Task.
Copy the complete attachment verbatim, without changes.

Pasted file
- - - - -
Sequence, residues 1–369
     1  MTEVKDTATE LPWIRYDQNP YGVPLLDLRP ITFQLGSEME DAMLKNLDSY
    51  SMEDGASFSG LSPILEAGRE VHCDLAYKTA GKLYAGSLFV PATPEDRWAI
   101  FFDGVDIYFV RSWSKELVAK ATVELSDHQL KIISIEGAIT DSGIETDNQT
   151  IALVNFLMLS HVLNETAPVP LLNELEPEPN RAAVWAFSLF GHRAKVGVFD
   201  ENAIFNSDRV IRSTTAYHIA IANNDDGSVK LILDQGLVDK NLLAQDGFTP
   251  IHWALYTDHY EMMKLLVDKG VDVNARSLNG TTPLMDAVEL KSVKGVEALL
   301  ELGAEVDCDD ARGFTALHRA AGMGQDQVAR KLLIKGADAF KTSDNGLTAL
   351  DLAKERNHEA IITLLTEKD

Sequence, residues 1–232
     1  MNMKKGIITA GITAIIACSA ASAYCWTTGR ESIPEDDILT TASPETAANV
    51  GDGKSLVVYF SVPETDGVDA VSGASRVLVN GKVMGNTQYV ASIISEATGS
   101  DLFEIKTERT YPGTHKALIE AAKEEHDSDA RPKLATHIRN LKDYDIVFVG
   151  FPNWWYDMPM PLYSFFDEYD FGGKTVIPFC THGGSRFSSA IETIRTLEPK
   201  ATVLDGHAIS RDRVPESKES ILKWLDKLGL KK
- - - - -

Sequence, residues 1–369
     1  MTEVKDTATE LPWIRYDQNP YGVPLLDLRP ITFQLGSEME DAMLKNLDSY
    51  SMEDGASFSG LSPILEAGRE VHCDLAYKTA GKLYAGSLFV PATPEDRWAI
   101  FFDGVDIYFV RSWSKELVAK ATVELSDHQL KIISIEGAIT DSGIETDNQT
   151  IALVNFLMLS HVLNETAPVP LLNELEPEPN RAAVWAFSLF GHRAKVGVFD
   201  ENAIFNSDRV IRSTTAYHIA IANNDDGSVK LILDQGLVDK NLLAQDGFTP
   251  IHWALYTDHY EMMKLLVDKG VDVNARSLNG TTPLMDAVEL KSVKGVEALL
   301  ELGAEVDCDD ARGFTALHRA AGMGQDQVAR KLLIKGADAF KTSDNGLTAL
   351  DLAKERNHEA IITLLTEKD

Sequence, residues 1–232
     1  MNMKKGIITA GITAIIACSA ASAYCWTTGR ESIPEDDILT TASPETAANV
    51  GDGKSLVVYF SVPETDGVDA VSGASRVLVN GKVMGNTQYV ASIISEATGS
   101  DLFEIKTERT YPGTHKALIE AAKEEHDSDA RPKLATHIRN LKDYDIVFVG
   151  FPNWWYDMPM PLYSFFDEYD FGGKTVIPFC THGGSRFSSA IETIRTLEPK
   201  ATVLDGHAIS RDRVPESKES ILKWLDKLGL KK